OK, imagine a sugar cone, but made of colorful glass. Now fill the cone with ice. Now imagine it nestled in a woman's cleavage. With us so far? This is the bosom chiller, and it's one of the most popular items the Royal Glass Makers sell at the Michigan Renaissance Festival. Royal Glass Makers' Michelle Plucinsky says her Eureka moment came 11 years ago, during their very first year at the festival, when a customer took a glass paperweight and stuck it in her cleavage on a hot day and poured ice water in it. Necessity, of course, is the mother of invention.
While the name sounds authentic to our ears, Plucinsky says it's a complete invention — they didn't have ice back in the Renaissance, duh. Nevertheless, the accessory has become popular at the festival, thanks perhaps to some of the bawdier women who pour shots in there and get gentleman to drink them.
For some, it's the fest's must-have accessory. "With the girls who are really serious about the Renaissance Festival, they will pick ones that match their outfits," Plucinsky says.
Plucinsky is co-founder of the Furnace Design Studio, which sets up shop at the Renaissance Festival as the more period-appropriate sounding "Royal Glass Makers." Plucinsky says she likes the festival because "nothing makes sense. There's all the rules of business that you can't normally do — you can drink beer outdoors, you can heckle people."
Of the temporary company name change, Plucinsky says it's part of allowing her crew to completely enter the world of the Renaissance Festival. "To be honest, if you're going to have glass making in that time period, you would have to be of royalty to own it," Michelle Plucinsky says. "There were no peasants having glass."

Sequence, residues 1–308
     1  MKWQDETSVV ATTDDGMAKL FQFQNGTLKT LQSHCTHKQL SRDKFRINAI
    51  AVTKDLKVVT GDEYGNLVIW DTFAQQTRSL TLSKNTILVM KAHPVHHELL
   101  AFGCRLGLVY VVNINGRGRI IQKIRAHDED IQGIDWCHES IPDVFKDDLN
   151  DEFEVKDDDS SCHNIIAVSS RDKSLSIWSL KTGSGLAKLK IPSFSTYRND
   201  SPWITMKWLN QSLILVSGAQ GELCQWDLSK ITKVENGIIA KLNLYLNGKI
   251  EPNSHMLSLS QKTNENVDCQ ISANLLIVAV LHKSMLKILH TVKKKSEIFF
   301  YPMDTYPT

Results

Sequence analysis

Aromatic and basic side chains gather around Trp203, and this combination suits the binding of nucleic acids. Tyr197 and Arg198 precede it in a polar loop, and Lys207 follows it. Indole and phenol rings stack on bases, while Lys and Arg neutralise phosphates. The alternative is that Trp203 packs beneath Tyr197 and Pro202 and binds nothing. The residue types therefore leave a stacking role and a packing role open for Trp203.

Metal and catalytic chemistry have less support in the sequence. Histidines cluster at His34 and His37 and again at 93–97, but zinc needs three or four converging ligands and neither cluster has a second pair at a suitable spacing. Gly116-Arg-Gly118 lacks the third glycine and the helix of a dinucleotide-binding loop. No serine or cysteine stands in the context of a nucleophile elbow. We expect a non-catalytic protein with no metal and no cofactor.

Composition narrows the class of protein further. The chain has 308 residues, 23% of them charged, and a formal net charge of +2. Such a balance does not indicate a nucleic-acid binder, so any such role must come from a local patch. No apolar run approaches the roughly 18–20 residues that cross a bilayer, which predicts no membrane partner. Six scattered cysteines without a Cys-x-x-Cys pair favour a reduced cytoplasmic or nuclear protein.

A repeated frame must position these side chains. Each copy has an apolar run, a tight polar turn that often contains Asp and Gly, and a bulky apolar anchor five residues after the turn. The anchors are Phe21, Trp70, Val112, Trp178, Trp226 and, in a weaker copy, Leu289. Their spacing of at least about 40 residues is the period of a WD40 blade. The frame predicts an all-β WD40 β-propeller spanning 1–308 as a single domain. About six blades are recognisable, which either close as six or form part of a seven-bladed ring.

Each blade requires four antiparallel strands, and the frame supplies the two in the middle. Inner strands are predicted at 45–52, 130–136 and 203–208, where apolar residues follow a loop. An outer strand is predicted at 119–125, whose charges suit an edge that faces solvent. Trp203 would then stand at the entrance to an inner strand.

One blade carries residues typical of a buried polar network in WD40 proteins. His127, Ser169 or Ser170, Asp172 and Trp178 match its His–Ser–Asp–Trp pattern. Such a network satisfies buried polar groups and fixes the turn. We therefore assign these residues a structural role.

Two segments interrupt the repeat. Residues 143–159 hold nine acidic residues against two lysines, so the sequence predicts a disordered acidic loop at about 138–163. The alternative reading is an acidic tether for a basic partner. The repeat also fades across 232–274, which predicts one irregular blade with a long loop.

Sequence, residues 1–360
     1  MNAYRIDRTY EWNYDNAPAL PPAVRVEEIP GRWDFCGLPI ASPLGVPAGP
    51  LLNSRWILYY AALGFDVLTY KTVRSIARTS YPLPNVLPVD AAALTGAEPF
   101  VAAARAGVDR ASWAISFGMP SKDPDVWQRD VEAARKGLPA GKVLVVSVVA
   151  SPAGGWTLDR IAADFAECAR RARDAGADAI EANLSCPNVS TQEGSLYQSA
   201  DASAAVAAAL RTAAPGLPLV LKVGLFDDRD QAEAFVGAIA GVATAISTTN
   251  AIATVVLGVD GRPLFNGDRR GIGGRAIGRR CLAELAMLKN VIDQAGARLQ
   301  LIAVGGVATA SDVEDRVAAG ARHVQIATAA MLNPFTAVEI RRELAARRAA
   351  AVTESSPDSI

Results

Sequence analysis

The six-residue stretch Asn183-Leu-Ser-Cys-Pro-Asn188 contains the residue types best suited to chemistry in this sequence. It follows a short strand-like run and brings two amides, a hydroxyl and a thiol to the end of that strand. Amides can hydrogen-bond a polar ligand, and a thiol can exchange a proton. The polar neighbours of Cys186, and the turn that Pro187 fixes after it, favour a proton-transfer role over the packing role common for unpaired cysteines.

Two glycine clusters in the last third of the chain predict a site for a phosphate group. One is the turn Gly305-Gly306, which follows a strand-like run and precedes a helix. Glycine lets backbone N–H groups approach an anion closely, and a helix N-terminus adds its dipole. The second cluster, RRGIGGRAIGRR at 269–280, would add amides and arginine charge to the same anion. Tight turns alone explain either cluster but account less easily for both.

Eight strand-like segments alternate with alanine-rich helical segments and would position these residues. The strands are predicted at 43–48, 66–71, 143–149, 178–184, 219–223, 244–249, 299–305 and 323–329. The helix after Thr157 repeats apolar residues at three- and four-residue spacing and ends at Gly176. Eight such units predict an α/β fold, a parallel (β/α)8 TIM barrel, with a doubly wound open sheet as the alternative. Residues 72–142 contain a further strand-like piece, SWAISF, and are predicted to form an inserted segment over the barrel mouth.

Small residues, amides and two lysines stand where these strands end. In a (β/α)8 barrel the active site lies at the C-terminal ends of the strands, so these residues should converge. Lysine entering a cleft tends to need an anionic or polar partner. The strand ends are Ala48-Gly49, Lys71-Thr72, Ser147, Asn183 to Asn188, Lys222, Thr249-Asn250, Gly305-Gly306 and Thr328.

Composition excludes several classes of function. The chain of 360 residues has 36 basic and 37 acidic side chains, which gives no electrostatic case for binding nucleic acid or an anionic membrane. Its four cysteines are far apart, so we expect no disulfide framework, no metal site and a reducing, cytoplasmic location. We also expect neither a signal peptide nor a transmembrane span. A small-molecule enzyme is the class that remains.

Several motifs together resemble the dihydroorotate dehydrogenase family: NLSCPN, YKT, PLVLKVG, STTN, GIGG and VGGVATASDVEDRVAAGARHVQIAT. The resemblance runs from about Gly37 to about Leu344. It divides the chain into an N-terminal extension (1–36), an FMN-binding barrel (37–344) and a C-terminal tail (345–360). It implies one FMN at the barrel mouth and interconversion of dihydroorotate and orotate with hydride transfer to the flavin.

Plucinsky says when they first started attended Renaissance Festivals as a vendor they didn't realize how immersive the experience would be. "It was kind of like we stepped into their world, and it was very fun to figure out," she says. Now her entire crew, who create their wares live on the festival grounds, dresses up in Medieval garb. "There are many styles of clothing you could wear. It took a couple years for us to shake out and find our brand," she says. Plucinsky says her husband, co-founder Chris Nordin, goes a more Barbarian route. "He's got an ogre toe hanging from his belt, and a saber tooth," she says. "The stuff he's gathered over the years is hilarious."
Plucinsky says her main goal is keeping the craft of glass alive. Based in Dearborn, Furnace Design Studio works in the Italian style of glassblowing, a labor-intensive process which requires entire teams lead by a master glassblower. Plucinsky says their bread and butter are mugs and other drinkware, but creating commercial installations and corporate awards are another big part of what they do.
But she delights in the opportunity to enter the strange world of the Renaissance Festival each year. "If you're drinking out of a plastic cup, we do a little spiel — like, 'Oh, that will make you infertile, you can't drink out of plastic, you need glass,'" she says. "We give them a discount, and then we make a spectacle. That's kind of what Renaissance Festival is — it's making fun of people, not in a bad way, but just playing with them." — mt
The Michigan Renaissance Festival is open 10 a.m. to 7 p.m. weekends and on Labor Day; runs until Sept. 28; 12600 Dixie Highway, Holly; 248-634-5552; michrenfest.com.
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